RIO DE JANEIRO (Reuters) - The Americans have come up with a funky new track bike for the Olympics and everywhere you look around the inner-sanctum of Rio’s velodrome there is space-age kit primed for action.
New Zealand’s carbon wheels have been designed by the firm who make masts for their America’s Cup yachts.
But Britain believes the brainpower that has gone into maintaining the domination they enjoyed on the boards in 2012 continues will be unsurpassed.
Tony Purnell, former principal of Formula One motor racing teams Jaguar and Red Bull, is the latest boss of British Cycling’s Research and Innovation department -- or to give it its more informal title “Head of Stuff”.
A self-confessed bicycle nut who admits to shamelessly trawling the internet looking for new gizmos and ideas, is in charge of everything from frames, to suits to training and says the team competing in Rio will enjoy a “nice little gain” compared to London when they scooped seven of the 10 titles.
He will not be taking all the credit though if things go well over the next five days -- confessing he has tapped into the gray matter of some of Cambridge University’s finest students who he lectures once a week.
“It’s like our own version of Bletchley Park,” Purnell, who joined British Cycling in 2013, told reporters at Rio’s Olympic Park on the eve of the track cycling program. “There will be students sitting at home this summer and saying ‘yes! I had something to do with that.’
“I’ve had good contributions on aerodynamics and strategy. Some pretty subtle stuff. There are at least 10 who will be able say they’re part of Team GB,” adding some are on retainers. “They’ve even signed the official secrets act!” he joked.
According to some reports the 10,000 pounds ($13,013.00) Cervelo bikes the likes of Bradley Wiggins, Mark Cavendish and Laura Trott will ride in Rio, have been coated in top-secret aerodynamic paint to shave fractions of seconds off times.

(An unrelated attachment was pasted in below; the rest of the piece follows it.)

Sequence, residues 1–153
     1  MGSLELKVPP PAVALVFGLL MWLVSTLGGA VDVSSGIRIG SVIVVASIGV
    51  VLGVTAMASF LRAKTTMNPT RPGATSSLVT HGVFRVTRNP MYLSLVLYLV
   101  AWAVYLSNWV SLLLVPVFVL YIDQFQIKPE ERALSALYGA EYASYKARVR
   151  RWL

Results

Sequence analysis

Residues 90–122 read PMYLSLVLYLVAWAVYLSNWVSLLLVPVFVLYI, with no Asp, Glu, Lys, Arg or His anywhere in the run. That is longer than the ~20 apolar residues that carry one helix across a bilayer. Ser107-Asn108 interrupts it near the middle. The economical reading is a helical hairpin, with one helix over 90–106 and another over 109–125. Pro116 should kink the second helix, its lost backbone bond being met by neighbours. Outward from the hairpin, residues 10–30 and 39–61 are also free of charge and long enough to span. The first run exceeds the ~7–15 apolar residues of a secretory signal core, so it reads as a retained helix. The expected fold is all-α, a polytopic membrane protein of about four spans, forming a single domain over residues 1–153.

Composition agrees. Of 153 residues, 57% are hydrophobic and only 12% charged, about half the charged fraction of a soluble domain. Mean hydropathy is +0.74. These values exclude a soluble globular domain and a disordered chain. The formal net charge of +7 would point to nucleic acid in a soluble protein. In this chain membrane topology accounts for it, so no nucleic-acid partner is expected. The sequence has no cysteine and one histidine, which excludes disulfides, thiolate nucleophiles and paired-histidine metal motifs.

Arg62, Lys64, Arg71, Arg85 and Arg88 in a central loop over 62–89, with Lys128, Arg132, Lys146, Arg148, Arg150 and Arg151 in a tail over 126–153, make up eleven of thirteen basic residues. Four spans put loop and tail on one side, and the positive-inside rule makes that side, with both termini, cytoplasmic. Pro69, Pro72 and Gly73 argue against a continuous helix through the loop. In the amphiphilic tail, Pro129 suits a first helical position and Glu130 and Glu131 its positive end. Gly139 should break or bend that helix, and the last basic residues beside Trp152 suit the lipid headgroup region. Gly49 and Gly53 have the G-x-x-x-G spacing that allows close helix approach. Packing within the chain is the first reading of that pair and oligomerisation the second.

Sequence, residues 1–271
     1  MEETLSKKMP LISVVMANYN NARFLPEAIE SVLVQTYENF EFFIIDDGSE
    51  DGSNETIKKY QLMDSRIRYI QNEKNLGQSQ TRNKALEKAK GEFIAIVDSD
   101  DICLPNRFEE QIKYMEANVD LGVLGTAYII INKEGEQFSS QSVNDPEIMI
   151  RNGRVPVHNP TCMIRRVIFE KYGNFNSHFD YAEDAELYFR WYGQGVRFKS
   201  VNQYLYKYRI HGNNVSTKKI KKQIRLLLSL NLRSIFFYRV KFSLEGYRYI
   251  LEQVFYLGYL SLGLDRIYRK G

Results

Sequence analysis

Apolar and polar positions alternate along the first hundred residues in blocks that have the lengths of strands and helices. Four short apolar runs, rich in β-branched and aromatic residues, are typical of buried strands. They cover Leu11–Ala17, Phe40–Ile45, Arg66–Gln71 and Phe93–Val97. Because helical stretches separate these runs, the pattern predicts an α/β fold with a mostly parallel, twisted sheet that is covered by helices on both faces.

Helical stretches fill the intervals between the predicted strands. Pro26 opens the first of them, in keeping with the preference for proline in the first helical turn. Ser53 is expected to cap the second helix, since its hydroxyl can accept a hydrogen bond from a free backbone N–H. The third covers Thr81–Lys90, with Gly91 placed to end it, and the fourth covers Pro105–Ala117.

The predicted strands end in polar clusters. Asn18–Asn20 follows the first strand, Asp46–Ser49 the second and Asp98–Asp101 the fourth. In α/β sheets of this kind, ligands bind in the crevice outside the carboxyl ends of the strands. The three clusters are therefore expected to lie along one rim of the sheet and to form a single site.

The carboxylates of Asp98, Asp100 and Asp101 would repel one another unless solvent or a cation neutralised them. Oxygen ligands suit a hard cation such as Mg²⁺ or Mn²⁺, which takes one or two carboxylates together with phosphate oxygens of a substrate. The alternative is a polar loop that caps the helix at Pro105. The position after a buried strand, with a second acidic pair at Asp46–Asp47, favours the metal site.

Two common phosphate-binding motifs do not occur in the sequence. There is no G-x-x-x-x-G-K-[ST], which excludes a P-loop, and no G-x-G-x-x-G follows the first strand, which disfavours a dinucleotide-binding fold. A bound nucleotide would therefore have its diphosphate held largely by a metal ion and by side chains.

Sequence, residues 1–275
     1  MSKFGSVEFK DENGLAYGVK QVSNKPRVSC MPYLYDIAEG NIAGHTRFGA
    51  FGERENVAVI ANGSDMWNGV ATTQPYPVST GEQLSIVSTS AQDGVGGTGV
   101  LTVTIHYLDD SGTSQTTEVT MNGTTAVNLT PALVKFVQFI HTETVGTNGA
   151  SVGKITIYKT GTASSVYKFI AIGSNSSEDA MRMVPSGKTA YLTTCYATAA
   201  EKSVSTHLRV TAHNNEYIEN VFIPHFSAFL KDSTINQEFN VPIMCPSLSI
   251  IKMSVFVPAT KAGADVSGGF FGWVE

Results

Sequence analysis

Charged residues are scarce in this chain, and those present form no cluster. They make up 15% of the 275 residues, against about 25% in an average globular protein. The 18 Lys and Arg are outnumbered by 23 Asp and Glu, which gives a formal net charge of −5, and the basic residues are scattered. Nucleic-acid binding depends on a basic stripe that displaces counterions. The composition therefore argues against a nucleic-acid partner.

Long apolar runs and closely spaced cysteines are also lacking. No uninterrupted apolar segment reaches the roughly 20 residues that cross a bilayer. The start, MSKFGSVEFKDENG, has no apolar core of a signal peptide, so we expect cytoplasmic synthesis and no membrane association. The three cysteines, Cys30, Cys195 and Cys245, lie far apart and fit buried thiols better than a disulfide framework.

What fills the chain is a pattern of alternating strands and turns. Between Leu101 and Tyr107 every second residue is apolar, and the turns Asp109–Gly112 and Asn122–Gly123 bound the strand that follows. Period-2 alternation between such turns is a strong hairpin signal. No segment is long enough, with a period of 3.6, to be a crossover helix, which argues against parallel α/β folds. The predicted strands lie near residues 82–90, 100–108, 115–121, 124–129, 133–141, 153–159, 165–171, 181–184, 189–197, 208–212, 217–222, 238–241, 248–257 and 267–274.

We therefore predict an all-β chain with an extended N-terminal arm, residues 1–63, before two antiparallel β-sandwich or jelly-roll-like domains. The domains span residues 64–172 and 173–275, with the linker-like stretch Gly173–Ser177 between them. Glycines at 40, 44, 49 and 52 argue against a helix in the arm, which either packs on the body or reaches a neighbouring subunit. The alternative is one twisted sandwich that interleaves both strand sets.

Despite some initial teething problems with weight, Britain’s team are purring with delight at the new bike and Wiggins, attempting to win a British record eighth Olympic medal, has described it as the best he has ever ridden.
“I wasn’t going to go for something bland, there is no point in doing it unless it’s quicker, so we pushed the envelope,” Purnell said. “I was really keen on good aerodynamics because at the speed they are going it really counts.”
With plenty of connections in the F1 paddock, Purnell has had access to wind tunnels, tools and engineering equipment with the petrol heads only to pleased to chip in.
“I spent many years in the glamour world of F1 but those guys just want to talk about bikes, they are cycling nuts.”
But what about the new bike the American team pursuiters, led by Sarah Hammer, will be using as they try and to follow their world title with a first Olympic gold in the event.
It will have the drive chain -- the crank and chain that propel the back wheel -- on the left rather than the right.
“In track racing, you’re spending more than half of the race turning left. By moving the drivetrain to the left side, there is less drag,” said U.S coach Neal Henderson.
“It’s a leap forward. I wouldn’t say it’s like the ‘Fosbury Flop,’ but it’s a significant advance.”
Purnell said doing the same to the British bikes would have been too costly for “not enough gain” - adding with a mild degree of sarcasm “I’m sure they are using good science.”
When all is said and done, however, whether you have left-side drivechains, futuristic skin suits or even a bunch of under-graduates beavering into the night on new innovations, a bike is only as good as its engine.
“You develop a Formula One engine and it’s all about the hardware. Here the hardware is the athlete,” he said.
“They are humans and they are squidgy and they are emotional and it’s a very different game. But at the end of the day they respond to science.”
Not that they all do what they are told, with Wiggins insisting on riding without socks.
“Personally I think they should wear socks halfway up,” Purnell said. “But Brad is not afraid to experiment.”
($1 = 0.7685 pounds)
Editing by Frank Pingue
Our Standards: The Thomson Reuters Trust Principles.